February 25, 2020

Rabbi Steven Z. Leder Erev Rosh Hashana 5779 Sermon

This sermon came from Rabbi Steven Z. Leder at Wilshire Boulevard Temple in Los Angeles.

I suffer from anxiety.  It is very real and sometimes very frightening.  It can ruin parts of days, weeks, months and years.

I worry about finishing what we started on this campus more than a decade ago.  I worry nearly every day that whatever I am doing for a Temple member I am simultaneously disappointing others because I am not tending to them.   I worry about having enough money when I retire, about my elderly parents and my kids. And as a rabbi I see so much dysfunction, so much hurtful gossip, so much cancer and death that it is hard not to feel like I’m next.

And of course there is the news. That daily toxic cocktail of mind boggling instability, criminality and drama in Washington, tweeting and testing the very fabric of democracy itself.

Wildfires, Putin, Assad, Iran, North Korea, global warming, Mueller, racism, corruption, sex scandals, immigration cruelty, floods, homelessness—over and over and over and over and over and over and over and over again.  And tonight we’re supposed to wish each other a shana tova?  Really?  Yes. Really.

Our ancestors put celebrating on Rosh Hashanah ahead of the past remorse we face on Yom Kippur.  First hope in the future, then the muck of our past. And believe me, the sages knew a lot more about anxiety than we do.  Consider the Unetane Tokef prayer we say on Rosh Hashana.  The one that asks, “Who by water?  Who by fire? Who will be troubled?  Who will be needy? Who shall live and who shall die?”  That prayer was written at least 13 centuries ago.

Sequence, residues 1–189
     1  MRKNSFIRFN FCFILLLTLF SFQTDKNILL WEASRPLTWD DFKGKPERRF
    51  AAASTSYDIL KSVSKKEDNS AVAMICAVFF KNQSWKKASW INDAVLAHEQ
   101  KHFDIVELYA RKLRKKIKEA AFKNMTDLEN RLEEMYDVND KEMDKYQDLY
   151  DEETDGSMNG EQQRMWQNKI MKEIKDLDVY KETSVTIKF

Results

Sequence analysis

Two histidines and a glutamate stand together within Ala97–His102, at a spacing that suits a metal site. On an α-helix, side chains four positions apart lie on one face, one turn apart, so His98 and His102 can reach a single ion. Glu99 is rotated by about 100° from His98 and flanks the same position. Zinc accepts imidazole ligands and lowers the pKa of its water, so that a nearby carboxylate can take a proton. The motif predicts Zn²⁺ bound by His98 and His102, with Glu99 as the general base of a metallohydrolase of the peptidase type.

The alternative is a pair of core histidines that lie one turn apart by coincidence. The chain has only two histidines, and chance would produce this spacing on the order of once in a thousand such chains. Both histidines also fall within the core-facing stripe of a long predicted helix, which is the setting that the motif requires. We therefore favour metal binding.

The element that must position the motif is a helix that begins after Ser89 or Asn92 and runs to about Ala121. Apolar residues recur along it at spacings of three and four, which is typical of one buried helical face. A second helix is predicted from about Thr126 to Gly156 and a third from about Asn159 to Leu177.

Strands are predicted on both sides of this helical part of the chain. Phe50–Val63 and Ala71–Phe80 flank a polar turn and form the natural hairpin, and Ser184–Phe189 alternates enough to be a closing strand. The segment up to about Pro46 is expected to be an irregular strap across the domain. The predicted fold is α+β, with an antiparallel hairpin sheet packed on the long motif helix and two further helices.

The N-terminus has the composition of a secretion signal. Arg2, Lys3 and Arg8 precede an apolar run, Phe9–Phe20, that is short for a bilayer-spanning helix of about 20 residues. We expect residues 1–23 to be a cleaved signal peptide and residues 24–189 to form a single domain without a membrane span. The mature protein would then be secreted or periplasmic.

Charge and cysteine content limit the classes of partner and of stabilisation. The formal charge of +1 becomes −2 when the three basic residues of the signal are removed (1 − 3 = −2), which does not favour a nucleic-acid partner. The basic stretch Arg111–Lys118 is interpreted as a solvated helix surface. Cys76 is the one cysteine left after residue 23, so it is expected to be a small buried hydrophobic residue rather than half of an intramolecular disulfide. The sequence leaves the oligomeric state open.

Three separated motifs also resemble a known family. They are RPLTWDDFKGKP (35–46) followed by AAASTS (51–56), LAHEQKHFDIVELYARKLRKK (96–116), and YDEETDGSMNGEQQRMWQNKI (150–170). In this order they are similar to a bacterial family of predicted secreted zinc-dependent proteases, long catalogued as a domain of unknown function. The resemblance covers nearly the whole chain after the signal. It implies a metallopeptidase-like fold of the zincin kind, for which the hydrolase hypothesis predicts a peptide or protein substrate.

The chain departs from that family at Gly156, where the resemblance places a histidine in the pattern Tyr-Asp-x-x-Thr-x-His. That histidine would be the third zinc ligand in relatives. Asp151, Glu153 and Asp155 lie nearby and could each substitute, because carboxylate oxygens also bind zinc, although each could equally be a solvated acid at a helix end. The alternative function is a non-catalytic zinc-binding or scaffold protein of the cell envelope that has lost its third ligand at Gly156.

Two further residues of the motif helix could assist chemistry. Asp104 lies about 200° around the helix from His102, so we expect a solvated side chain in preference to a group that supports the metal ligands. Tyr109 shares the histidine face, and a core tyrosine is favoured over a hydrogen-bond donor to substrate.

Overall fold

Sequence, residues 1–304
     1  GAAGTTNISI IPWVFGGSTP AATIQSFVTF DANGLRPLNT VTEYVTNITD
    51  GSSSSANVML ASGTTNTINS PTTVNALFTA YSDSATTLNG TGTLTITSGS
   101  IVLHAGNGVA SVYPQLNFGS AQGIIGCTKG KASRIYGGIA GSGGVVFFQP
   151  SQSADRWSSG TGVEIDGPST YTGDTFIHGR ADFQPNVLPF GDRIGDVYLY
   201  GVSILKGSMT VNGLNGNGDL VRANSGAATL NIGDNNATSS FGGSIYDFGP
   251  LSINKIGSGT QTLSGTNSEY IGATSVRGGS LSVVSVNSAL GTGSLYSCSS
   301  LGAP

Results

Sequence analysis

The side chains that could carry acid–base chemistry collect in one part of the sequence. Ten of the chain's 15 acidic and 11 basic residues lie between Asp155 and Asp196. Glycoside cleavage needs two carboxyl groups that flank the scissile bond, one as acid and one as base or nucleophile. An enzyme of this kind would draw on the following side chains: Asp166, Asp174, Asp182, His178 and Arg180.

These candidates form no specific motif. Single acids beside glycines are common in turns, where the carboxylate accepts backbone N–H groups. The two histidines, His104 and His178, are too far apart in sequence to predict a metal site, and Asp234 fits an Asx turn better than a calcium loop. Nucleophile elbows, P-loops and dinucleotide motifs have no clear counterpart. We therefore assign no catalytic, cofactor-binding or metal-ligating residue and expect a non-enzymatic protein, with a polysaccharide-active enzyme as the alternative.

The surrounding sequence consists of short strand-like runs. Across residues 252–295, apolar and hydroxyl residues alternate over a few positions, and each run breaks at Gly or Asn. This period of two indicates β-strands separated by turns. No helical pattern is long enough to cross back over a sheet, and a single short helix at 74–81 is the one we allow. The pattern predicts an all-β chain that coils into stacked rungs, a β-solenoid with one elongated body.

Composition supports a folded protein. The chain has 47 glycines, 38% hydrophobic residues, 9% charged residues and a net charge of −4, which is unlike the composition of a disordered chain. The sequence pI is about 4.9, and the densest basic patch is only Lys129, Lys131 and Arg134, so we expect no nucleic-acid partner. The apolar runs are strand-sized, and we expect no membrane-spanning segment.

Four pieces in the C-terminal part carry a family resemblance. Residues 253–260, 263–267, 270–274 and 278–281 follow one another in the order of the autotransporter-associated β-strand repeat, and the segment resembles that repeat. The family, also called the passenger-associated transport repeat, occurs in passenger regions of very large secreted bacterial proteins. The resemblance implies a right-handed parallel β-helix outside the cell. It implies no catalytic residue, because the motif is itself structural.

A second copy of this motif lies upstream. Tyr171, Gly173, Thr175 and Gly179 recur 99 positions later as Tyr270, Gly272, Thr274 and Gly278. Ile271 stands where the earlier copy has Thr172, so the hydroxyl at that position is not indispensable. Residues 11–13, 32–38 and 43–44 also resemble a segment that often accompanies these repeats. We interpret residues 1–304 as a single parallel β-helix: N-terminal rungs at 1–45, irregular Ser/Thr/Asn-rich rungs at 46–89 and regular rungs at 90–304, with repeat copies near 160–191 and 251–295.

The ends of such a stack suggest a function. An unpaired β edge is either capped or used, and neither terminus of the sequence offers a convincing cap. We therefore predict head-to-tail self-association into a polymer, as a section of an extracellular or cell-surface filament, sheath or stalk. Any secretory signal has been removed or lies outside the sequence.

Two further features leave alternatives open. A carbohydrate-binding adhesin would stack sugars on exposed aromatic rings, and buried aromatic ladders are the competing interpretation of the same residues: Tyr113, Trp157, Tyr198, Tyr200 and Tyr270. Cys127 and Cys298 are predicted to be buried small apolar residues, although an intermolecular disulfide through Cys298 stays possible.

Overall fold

Life 13 centuries ago was nothing but anxiety.  Rape, murder, muggings, death by fire or flood or plague or starvation or war were regular, daily occurrences.  Today a Western European has 1/35th the chance of being murdered compared to his medieval ancestors. Thirteen hundred years ago 1/3 of all children were dead by age five.  It’s true. “Nothing is more responsible for the good old days than a bad memory.” Thirteen centuries ago, if they had it, everyone would have been on Xanax.

But our ancestors had a different, more powerful prescription for managing their anxiety and fear.  I try to use it every day. Remember how that prayer ends; what comes after that long list of terrible things to worry about in the coming year?  It ends with three simple things that can get us all through. “But teshuva—repentance, tefilah—prayer, and tzedaka—generosity” says that wise prayer, “Ma-a-virin et roah ha-gezarah—will make whatever comes next year easier to live with and through.”

This was the ancient rabbis’ simple, three-part formula for surviving in their time and it can be ours too.  First, teshuvah–repentance.  And what is repentance really, other than trying to make things right with others?  Our ancestors lived in small villages, where the key to survival was the quality of relationships with a handful of people who really mattered.  Are we any different? Do any of us have more than a small handful of people in our lives who really matter?